Welcome to Bitcoinistan!
Libertarians love Bitcoin.
They love the fact that it's not controlled by a government or central bank — so no online Fed can "print" more of it and inflate our way out of trouble. They love that it's decentralized; it's the currency of The People, not The Man. They love that it's "mined," a bit like gold, because that makes it a bit like the gold standard, which libertarians think real currencies ought to be tied to. They love that Bitcoin isn't taxed, so you can hide your income from the government if you want to. They love the way its value reflects pure supply and demand, and not a value forced into the system by regulation or monopoly. And they love that it's fairly lawless — it's difficult to enforce rules (other than the rules of the market) when everyone in the market is anonymous.
So the Bitcoin experience gives us a glimpse of Libertarian paradise: What life would be like with as little government interference as possible, in a market free of burdensome laws and taxes.
Unfortunately, that experience looks like a total nightmare. It's characterized by radical instability, chaos, the rise of a boss-class of criminals who assassinate people they don't like, and a mass handover of wealth to a minority even smaller than the 1% that currently lauds it in the United States.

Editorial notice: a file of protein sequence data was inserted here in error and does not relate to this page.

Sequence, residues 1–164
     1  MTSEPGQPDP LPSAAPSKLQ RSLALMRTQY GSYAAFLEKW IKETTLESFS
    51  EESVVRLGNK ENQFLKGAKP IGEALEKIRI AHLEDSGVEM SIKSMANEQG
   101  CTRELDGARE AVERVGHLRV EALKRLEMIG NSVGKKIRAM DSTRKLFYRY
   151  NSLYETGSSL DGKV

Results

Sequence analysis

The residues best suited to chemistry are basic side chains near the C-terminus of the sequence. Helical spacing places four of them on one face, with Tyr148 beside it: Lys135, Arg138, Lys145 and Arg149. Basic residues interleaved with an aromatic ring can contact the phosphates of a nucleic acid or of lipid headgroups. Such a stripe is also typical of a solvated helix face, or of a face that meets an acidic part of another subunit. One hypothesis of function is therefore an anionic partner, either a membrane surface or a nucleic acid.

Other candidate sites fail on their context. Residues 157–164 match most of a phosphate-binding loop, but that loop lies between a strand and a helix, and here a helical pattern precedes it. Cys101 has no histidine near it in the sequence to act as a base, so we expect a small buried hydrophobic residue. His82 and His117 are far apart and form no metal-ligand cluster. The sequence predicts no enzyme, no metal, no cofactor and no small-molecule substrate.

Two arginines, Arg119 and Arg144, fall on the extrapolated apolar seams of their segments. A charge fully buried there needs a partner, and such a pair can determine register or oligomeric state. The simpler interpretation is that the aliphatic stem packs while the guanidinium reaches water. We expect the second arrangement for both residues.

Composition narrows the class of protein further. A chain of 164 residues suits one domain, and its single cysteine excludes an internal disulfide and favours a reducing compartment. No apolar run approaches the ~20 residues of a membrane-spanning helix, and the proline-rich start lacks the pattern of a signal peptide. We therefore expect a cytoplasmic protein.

If Bitcoin was a country — Bitcoinistan? — it would be like Somalia. Consider:
Bitcoin is most useful to criminals.
Currently, for ordinary people, cash and credit work just fine. While some mainstream businesses do take Bitcoin, there is no compelling reason — yet — for ordinary people to use it. If you're a criminal, however, there are very compelling reasons to use it: you can transfer vast sums of cash completely anonymously. Cash transfers are a real problem for criminals. When you can't use bank accounts, lugging around vast sums of cash gets old pretty quickly. Bitcoin solves that. So Bitcoin is very, very empowering for criminals.
There is a Bitcoin crime wave going on right now.
Given that Bitcoin is good for criminals, it should not be surprising that those criminals are targeting other Bitcoin users for thefts. The most spectacular theft so far is the Sheep Marketplace robbery, in which one hacker appears to have emptied a massive Bitcoin marketplace of up to $220 million in Bitcoins. Note that Sheep Marketplace was basically a trading post for drug dealers. Bitcoin exchange and account thefts are very common. Here's a potted history of recent Bitcoin capers.
Bitcoin "law" is enforced by paid assassins.
The most shocking thing about the indictment of the Silk Road operator Ross Ulbricht was not the amount of money in Bitcoin he controlled (about $28 million). Rather, it was the fact that when other drug dealers ripped him off, he didn't put it down as the price of doing business. Instead, he is accused of hiring a hitman to murder six people he believed had stolen from him. Ulbricht was a Libertarian. In other words, there will be laws in the Bitcoin Libertarian paradise: And the people with the most Bitcoins will decide what that law is, when it should be applied, and how "justice" will be meted out. In Bitcoinistan, the sentence for non-violent financial crimes includes the death penalty, apparently.